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J Intellect Dev Disabil. 2006 Dec;31(4):196-203.

Effects of embedded instruction versus discrete-trial training on self-injury, correct responding, and mood in a child with autism.

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The University of Tasmania, Australia.



Embedded instruction and discrete-trial training are both recommended for teaching children with autism, but there is little research available comparing the two. The present study compared embedded instruction with discrete-trial training for a 12-year-old boy with autism.


An initial functional analysis indicated that the boy's self-injury was maintained by escape from task demands. Instructional sessions to teach adaptive behaviours were conducted under two conditions: (i) during embedded instruction, learning trials were inserted into ongoing activities at a rate of approximately 1.5 per minute; (ii) during discrete-trial training, instructional opportunities were incorporated into structured sessions at a rate of 4 per minute. In both conditions, the system of least prompts was used to teach relevant target responses. Effects of the two teaching formats were evaluated using an ABABA design.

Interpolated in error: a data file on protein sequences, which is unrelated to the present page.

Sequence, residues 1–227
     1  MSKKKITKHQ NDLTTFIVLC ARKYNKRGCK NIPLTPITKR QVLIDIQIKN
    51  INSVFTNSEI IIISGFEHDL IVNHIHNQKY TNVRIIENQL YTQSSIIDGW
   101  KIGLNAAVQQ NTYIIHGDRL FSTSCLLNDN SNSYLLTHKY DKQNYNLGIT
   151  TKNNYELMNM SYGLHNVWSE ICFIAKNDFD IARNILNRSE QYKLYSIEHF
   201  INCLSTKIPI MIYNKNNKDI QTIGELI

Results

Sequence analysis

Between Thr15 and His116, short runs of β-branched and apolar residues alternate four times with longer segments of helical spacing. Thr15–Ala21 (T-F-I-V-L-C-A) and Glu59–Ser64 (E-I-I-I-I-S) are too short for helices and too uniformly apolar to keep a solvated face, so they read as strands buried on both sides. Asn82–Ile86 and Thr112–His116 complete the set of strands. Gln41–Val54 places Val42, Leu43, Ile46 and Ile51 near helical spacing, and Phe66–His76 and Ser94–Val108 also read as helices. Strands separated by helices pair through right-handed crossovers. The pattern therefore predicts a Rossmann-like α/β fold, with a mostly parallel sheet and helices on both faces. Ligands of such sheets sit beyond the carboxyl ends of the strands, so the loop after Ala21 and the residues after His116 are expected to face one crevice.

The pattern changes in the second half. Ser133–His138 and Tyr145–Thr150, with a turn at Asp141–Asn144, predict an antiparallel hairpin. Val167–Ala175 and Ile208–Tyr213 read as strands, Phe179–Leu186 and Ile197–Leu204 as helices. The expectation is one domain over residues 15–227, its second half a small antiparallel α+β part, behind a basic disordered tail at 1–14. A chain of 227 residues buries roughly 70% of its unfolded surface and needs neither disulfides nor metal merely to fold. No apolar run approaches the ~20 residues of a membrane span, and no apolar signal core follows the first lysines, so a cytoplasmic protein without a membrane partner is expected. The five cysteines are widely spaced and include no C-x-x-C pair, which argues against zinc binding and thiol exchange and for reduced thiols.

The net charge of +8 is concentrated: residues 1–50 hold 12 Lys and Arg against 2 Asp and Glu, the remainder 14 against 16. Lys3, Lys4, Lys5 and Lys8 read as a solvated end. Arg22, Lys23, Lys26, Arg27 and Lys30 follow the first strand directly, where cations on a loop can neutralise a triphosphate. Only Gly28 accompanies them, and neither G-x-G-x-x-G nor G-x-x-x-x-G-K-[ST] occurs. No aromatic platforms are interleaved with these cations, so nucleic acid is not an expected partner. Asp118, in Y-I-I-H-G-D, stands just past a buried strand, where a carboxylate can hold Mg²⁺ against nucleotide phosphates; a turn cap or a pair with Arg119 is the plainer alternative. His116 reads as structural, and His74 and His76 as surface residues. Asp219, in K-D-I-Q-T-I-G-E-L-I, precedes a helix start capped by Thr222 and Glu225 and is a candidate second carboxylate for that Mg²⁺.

Higher rates of self-injury and fewer correct responses occurred during discrete-trial training. Mood ratings were also lower during discrete-trial training.


The results suggest that self-injury, correct responding, and mood may be sensitive to the type of instructional format. Although discrete-trial training can be highly effective, it may be preferable to start with embedded instruction when the child presents with self-injurious escape behaviour.

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